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Subsidies to promote fertilizer use have become a popular policy in Africa south of the Sahara, aimed at increasing the region’s lagging agricultural production. However, new research from Ghana , published in Food Security , suggest that fertilizer subsidies alone may not be enough to encourage greater fertilizer application and increase farm productivity.
Fertilizers, particularly inorganic (chemical) fertilizers, have the ability to substantially increase farmers’ agricultural productivity. However, in Nigeria, fertilizer use remains low; according to a new AGRODEP working paper , inorganic fertilizer use in Nigeria is 11.3kg/ha and organic fertilizer use is only 0.2kg/ha. This puts Nigeria well below the targeted 50 kg/ha set forth in the Abuja Declaration. To address this low fertilizer use, the Nigerian Federal Government established a subsidy to help farmers access inorganic fertilizers.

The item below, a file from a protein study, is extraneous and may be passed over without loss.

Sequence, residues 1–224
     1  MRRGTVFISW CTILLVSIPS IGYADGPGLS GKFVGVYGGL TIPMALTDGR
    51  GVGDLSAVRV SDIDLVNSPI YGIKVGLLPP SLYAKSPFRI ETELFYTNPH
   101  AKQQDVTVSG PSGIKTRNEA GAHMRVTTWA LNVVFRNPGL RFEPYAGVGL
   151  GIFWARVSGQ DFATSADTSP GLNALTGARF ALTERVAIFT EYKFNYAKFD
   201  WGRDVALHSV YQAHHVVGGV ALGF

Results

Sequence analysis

For the second year in a row, Malawi is facing a national maize deficit. In the 2016-2017 marketing year, the maize supply gap is expected to be 953,000 MT, according to a new Food Security Outlook from FEWS Net.